Every now and then (but certainly not often enough), I come across a dish so perfect in its simplicity and flavor that my passion for food is moved to a higher pitch. In Florence on a snowy evening, it was a bowl of pasta and shaved truffle. I still remember the first time I tipped an oyster shell up to my mouth — an oyster that I had just dug up from a bed off the coast of France. And this week, it was tortellini in brodo at Giacomo’s. It’s a seemingly mundane affair: chicken and beef broth with tortellini containing pork, chicken, mortadella (more pork), ricotta and Parmigiano-Reggiano. But the aroma of the broth, made from bones and other great things, wafts upward, and any threat of mundanity evaporates. The liquid is rich and delicate at the same time, and you won’t leave any in the cup. Along with the six or seven tortellini you are served, you will consume all of the broth, because it is that good.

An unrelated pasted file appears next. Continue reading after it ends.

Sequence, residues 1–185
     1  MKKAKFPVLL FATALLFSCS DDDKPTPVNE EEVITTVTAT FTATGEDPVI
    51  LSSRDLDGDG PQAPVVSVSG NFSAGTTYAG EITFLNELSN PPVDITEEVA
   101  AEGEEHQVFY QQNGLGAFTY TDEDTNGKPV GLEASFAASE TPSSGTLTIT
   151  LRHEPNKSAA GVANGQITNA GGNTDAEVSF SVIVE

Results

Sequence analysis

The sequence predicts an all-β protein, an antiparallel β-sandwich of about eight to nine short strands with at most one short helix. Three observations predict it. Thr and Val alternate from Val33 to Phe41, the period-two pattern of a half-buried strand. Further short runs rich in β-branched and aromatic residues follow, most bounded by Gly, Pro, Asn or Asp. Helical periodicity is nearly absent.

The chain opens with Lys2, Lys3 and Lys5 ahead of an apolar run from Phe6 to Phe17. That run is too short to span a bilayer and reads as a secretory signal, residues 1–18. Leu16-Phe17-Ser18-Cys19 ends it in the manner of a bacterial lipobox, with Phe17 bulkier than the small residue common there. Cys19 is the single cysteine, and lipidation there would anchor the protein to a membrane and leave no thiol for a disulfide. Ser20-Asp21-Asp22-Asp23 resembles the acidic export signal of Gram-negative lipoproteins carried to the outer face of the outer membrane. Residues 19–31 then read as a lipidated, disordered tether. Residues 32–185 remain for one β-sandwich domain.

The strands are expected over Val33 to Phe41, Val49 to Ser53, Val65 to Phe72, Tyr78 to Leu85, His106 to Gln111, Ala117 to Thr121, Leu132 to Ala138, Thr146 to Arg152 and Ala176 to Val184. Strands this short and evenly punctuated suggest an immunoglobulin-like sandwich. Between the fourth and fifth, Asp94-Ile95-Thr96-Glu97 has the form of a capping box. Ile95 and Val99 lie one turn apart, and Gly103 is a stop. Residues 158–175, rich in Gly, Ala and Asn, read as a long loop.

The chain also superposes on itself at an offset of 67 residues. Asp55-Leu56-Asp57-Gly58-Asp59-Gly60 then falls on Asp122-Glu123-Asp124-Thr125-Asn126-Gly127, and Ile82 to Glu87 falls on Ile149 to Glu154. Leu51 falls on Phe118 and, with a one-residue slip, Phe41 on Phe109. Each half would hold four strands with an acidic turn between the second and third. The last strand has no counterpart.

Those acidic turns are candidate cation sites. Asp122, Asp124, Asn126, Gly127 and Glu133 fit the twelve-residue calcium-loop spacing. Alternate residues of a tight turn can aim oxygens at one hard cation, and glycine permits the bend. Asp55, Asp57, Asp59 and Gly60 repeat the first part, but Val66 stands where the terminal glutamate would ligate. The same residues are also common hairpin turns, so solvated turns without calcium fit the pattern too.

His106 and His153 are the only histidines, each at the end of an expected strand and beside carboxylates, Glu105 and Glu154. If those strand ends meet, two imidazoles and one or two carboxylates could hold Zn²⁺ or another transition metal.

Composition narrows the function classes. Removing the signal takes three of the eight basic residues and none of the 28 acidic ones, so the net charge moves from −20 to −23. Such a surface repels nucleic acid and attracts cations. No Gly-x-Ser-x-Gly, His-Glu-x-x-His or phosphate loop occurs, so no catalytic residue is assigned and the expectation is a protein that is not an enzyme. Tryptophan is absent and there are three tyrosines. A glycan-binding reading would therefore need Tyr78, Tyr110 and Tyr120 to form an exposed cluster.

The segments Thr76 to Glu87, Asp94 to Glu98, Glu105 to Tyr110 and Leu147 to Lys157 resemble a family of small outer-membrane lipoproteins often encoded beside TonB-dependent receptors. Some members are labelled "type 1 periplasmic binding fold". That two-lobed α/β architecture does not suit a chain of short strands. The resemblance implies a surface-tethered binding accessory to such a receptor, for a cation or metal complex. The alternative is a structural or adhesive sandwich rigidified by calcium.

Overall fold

And then there are the tortellini. They are floating in the broth, packages of comfort in the form of meat and cheese and egg and flour and olive oil. You put the first one in your mouth, and the warmth makes you feel better. Then you bite, and that warmth is joined by a smile and perhaps an involuntary sigh. A sigh of satisfaction, one that signifies that nothing else matters at this moment. (You might want to do what I did and drizzle a bit of olive oil into the cup; I added a touch of salt because I found the liquid needed it.) Those meats and cheeses will, I am certain, make you feel as wonderful as they made me feel.